“Obviously it feels great to be back,” Kyrou told reporters in San Antonio. “I’ve been out for a while, so getting back out there and being with the boys and being on the ice was really fun. I just want to continue to get better. I was working my knee back into getting hit and stuff, so I just want to continue with that and continue to build.”
Last year at this time, Nikita Soshnikov was on the Blues’ roster. After being sidelined by a concussion during summer training, he made his 2018-19 debut Nov. 9 against San Jose, and was plus-1 in a 4-0 Blues victory. (If that seems like a long time ago, Chad Johnson was in goal for St. Louis that day.)
Soshnikov is playing in the Kontinental Hockey League these days, and flourishing. Playing for Salavat Yulaev, he had two goals in Sunday’s 9-1 romp over Dinamo Minsk. For the season, he leads the KHL with 14 goals in 25 games. He also has six assists and is tied for eighth in the league in points with 20.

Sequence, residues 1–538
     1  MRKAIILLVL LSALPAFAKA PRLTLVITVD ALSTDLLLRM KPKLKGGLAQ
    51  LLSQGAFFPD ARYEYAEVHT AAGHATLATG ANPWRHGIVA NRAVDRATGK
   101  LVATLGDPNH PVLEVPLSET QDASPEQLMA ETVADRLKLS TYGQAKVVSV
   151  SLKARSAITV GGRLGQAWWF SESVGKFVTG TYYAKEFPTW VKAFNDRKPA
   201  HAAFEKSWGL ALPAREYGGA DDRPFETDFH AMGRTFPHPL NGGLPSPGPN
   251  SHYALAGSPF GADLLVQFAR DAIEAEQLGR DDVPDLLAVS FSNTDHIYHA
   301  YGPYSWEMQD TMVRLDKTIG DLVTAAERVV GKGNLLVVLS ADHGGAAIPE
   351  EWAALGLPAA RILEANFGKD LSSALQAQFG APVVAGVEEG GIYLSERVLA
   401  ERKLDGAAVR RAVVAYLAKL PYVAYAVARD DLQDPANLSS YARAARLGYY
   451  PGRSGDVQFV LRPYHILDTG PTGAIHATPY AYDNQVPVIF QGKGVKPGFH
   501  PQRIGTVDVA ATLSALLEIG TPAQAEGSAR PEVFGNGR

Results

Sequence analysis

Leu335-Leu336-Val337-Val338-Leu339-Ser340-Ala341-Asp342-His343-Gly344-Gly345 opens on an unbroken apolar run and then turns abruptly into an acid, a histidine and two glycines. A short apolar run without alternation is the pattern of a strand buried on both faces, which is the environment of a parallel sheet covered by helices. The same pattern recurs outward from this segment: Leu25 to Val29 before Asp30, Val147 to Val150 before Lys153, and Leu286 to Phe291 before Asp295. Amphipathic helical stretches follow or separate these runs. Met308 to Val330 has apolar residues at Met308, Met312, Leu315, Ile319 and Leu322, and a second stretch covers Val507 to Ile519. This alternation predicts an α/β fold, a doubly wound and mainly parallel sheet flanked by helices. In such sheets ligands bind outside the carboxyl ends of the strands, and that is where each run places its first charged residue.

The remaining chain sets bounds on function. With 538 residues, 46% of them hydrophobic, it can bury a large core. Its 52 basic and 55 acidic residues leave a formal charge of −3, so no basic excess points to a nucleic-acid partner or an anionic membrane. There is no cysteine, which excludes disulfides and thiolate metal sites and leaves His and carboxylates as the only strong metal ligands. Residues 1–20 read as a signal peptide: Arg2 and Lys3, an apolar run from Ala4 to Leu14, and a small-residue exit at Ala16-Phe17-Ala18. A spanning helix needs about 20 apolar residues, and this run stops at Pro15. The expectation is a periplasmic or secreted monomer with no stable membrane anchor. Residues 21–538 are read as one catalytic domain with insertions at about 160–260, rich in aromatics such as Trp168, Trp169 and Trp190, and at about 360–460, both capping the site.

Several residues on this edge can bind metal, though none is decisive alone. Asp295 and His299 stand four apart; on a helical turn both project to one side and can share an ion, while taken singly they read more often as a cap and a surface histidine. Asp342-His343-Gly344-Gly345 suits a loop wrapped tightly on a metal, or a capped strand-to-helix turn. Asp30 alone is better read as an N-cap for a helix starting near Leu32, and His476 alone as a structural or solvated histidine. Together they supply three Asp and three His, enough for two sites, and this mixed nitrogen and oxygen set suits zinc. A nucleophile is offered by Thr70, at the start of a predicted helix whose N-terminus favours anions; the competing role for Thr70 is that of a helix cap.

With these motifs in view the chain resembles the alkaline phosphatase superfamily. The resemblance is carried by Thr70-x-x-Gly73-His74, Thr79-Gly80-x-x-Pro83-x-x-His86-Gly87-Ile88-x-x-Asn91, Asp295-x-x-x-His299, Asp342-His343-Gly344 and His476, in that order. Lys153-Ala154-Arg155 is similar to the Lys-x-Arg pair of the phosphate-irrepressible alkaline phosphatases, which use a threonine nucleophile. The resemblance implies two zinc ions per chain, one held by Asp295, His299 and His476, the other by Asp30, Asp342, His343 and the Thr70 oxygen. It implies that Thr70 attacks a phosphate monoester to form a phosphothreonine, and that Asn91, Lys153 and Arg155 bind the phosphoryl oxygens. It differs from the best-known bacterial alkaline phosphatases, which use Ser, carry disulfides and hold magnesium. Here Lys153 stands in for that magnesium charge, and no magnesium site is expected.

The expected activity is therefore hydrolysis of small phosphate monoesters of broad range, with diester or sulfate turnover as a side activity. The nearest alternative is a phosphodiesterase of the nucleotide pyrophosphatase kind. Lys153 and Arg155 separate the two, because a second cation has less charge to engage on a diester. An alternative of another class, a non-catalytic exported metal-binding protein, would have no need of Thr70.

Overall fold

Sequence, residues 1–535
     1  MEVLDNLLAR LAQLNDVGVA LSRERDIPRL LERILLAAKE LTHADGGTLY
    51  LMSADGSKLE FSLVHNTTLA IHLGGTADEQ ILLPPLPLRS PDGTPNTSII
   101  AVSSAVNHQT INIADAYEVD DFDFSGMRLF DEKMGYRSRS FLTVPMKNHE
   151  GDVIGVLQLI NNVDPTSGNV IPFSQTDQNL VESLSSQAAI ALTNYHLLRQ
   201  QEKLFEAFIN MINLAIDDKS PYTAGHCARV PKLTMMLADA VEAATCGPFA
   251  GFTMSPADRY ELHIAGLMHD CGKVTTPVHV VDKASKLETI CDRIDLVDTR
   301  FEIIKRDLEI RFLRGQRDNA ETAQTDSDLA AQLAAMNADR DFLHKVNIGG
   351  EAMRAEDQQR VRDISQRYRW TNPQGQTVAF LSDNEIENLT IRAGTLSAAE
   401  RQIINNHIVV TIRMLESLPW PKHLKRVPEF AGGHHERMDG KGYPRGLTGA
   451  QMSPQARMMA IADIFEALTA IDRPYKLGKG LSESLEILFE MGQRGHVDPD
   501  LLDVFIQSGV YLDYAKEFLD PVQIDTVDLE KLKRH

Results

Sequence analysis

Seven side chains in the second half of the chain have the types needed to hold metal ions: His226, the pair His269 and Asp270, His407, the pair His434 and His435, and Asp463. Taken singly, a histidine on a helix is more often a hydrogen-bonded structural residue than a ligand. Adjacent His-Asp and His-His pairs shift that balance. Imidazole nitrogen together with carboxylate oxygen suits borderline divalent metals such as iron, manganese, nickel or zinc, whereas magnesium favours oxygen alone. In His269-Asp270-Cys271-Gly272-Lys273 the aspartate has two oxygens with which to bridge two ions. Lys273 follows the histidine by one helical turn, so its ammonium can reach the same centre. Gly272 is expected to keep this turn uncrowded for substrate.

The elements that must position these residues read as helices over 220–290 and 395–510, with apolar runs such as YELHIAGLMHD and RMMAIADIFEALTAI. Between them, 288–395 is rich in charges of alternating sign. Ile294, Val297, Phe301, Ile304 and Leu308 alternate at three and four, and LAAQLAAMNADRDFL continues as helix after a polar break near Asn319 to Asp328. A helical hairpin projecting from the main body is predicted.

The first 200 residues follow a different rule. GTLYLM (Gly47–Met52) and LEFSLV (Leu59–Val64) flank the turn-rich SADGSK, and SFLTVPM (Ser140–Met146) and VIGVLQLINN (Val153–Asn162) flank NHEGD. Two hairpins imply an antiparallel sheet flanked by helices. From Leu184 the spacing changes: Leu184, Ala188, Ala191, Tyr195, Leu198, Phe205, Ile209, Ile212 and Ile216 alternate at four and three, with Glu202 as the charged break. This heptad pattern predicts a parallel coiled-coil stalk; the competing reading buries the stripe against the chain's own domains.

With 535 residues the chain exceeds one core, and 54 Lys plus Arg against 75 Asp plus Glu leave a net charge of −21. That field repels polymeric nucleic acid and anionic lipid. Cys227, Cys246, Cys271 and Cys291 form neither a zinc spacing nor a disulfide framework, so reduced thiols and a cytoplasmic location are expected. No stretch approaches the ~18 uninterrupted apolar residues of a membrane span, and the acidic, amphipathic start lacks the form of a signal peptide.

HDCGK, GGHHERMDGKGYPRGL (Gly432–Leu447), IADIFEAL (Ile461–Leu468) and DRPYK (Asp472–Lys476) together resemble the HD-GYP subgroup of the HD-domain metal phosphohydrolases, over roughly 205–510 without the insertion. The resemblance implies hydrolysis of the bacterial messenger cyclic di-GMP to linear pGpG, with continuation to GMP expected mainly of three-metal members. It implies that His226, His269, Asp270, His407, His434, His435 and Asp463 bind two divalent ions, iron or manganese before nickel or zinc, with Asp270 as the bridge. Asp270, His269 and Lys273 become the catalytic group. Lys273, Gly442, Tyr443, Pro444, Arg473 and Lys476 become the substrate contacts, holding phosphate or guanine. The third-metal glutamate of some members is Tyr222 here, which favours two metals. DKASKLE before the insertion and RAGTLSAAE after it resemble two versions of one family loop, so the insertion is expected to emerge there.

Berube leaned heavily on his core group of forwards in Saturday’s game against Minnesota, even though it was the back end of a back-to-back.
Schwartz (22:08) and Schenn (20:27) logged season highs for ice time. Ryan O’Reilly’s 21:28 was his third-highest total of the season, and David Perron’s 19:23 tied for his third-highest total.
• Carl Gunnarsson and Mackenzie MacEachern scored their first goals of the season against Minnesota, leaving the Blues with six players who remain goal-less: forwards Ivan Barbashev, Bozak and Steen, and defensemen Bortuzzo, Justin Faulk and Colton Parayko.
• The Blues had easily their worst faceoff night of the season against the Wild, winning only 39 percent of their faceoffs (23 of 59). Even so, they remain the NHL’s fourth-best faceoff team for the season with a 52.7 percent success rate.